TGJ Replay: Aaliyah’s 2001 ‘Aaliyah: The Album’ #FBF

Published: Friday 25th Aug 2017 by Rashad

Welcome back to TGJ Replay!

Designed much like our ‘Retro Rewind’ and ‘From the Vault’ features, ‘Replay’ is That Grape Juice‘s newest reflective segment to act as a written quest to re-spin the gems and jams of yesterday. Unlike its TGJ retrospective predecessors, ‘Replay’ looks to dust off and showcase entire albums (and eras) from a library of pop and Urban pop music hits.

To commemorate the 16th anniversary of the untimely passing of R&B’s princess Aaliyah, we’ll salute her last official LP – the eponymous project ‘Aaliyah.’


Despite seeing her second effort, 1996’s ‘One In a Million’ (the album), reach multiplatinum success thanks to its housed hits ‘One In a Million’ (the song), ‘Hot Like Fire,’ and the set’s biggest single – the piercing, Diane Warren-penned ballad ‘The One I Gave My Heart To’ – R&B songstress Aaliyah Dana Houghton, better known mononymously, and her Blackground Records team seemed in no rush to release a follow-up.  In fact, the only major chart entries she saw in the four years that followed ‘Million’ (the album), albeit the biggest successes of her career at that point, were soundtrack placements (i.e. the Academy Award-nominated ‘Journey to the Past,’ ‘Are You That Somebody,’ ‘I Don’t Wanna,’ and ‘Try Again’) and the occasional feature.  The chart triumphs of the aforementioned collectively served notice to Blackground that the buying public was absolutely here for what the songstress – affectionately nicknamed ‘Baby Girl’ – was serving and, as a result, were more than ready for her next full body of work.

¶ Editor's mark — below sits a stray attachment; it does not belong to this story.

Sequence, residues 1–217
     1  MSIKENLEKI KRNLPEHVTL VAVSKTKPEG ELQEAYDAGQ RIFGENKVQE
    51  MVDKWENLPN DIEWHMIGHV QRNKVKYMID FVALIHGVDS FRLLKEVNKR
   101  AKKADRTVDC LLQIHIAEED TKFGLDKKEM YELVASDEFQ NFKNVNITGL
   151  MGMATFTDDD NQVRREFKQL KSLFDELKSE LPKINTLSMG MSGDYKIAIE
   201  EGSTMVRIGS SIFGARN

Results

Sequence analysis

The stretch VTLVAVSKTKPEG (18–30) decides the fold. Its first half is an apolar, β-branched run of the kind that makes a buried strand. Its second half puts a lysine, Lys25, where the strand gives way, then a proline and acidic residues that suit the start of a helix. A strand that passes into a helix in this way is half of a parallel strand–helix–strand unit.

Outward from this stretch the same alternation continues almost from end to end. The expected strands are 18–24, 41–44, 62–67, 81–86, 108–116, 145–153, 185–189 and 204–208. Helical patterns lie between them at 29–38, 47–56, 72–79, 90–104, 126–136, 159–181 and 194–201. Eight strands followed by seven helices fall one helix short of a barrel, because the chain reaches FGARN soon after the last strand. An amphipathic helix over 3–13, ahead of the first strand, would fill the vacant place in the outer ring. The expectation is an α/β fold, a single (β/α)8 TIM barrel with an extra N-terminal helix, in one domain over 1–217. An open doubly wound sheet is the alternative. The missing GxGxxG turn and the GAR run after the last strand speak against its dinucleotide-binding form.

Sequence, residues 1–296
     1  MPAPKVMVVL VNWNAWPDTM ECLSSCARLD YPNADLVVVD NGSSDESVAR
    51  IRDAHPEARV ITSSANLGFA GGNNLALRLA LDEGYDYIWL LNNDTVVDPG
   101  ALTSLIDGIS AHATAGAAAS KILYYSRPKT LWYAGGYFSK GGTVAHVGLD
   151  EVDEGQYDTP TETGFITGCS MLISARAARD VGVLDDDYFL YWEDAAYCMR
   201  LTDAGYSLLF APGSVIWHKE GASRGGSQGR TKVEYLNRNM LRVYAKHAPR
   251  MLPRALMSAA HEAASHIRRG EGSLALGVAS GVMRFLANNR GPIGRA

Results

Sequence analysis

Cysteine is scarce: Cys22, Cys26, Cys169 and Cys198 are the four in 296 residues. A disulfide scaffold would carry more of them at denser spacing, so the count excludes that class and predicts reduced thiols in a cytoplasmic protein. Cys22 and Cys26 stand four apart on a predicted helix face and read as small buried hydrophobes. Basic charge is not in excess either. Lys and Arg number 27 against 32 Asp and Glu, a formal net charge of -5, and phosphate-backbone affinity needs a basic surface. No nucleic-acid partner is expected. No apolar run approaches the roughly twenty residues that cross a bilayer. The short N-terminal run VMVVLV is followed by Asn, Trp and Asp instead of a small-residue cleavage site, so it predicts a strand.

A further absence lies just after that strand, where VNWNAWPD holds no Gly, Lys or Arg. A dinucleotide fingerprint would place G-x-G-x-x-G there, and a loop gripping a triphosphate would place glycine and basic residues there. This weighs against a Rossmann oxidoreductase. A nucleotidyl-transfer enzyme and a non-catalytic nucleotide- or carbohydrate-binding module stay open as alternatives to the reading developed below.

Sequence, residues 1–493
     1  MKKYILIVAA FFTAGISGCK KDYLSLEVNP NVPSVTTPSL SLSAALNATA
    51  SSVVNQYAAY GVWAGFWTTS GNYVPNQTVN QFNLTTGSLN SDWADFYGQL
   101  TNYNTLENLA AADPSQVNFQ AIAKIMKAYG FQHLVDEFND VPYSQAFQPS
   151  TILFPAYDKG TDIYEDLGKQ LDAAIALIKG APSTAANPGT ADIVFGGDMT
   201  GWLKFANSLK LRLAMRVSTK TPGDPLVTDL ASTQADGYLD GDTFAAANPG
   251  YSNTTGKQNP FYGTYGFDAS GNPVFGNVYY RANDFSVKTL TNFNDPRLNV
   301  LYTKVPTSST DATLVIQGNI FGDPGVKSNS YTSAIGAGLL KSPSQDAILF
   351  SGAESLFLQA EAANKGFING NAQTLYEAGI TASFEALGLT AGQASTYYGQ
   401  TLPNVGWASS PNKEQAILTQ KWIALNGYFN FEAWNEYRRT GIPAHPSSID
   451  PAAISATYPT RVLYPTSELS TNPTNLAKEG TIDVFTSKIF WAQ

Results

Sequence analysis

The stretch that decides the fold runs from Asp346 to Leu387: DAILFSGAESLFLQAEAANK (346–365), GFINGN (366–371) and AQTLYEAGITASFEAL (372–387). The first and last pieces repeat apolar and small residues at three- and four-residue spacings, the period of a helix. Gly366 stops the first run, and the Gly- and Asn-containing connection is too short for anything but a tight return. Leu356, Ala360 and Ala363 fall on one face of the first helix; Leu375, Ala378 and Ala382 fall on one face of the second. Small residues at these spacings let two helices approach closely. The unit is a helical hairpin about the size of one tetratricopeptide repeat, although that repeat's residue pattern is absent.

Calling on her trusted team of producers, Missy Elliott and Timbaland, alongside songwriters and then up-and-comers Static Major, Bud’da, Keybeats, J. Dub, and more, Aaliyah – the project’s executive producer – was put in the driver’s seat for the first time in her career.  The move led to the assembled team crafting of a collection of progressive, alternative R&B tracks that would not only demonstrate the singer’s impressive vocal and sonic maturity, but also showcase personal and artistic growth as content from the album – her first as an adult – touched on topics unexplored in her previous work (i.e. domestic violence).   Her most personal album to date, the opus was christened a self-titled work.

Released July 2001, ‘Aaliyah’ produced three official singles:  ‘We Need A Resolution,’ ‘More Than a Woman,’ ‘and ‘Rock the Boat,’ the latter’s music video being her last ever as she was tragically killed in a plane crash departing from its set.

‘We Need A Resolution’

Billboard Hot 100 Chart Peak: #59

‘More Than a Woman’

Billboard Hot 100 Peak:  #25

‘Rock the Boat’

Billboard Hot 100 Peak:  #14

Note:  ‘Aaliyah’ is her only album [to date] that did not yield a top 10 single on the Hot 100.

Debuting at #2 on the Billboard 200 in summer 2001, the album would eventually rebound in sales after news of her untimely death and peak at #1 [her only chart-topper on that tally to date].  Overall, it currently sits just shy of the 3x platinum mark in U.S. sales.

*****